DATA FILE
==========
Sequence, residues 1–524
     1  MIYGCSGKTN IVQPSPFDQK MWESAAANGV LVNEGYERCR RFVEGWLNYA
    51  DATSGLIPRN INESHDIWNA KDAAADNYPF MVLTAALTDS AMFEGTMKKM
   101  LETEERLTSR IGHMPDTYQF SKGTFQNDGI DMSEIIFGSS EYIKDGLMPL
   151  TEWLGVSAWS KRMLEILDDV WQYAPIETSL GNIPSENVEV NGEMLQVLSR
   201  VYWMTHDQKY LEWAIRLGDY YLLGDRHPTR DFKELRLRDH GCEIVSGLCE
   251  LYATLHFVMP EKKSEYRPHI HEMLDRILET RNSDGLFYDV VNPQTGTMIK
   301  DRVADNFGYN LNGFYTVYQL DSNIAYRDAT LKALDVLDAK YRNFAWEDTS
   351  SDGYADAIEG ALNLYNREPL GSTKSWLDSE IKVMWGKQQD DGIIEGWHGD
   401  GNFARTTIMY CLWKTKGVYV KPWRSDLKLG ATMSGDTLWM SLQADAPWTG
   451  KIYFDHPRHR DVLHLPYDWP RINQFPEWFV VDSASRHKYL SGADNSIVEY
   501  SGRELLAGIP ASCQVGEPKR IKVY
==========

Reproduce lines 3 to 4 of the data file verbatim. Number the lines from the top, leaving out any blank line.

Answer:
    51  DATSGLIPRN INESHDIWNA KDAAADNYPF MVLTAALTDS AMFEGTMKKM
   101  LETEERLTSR IGHMPDTYQF SKGTFQNDGI DMSEIIFGSS EYIKDGLMPL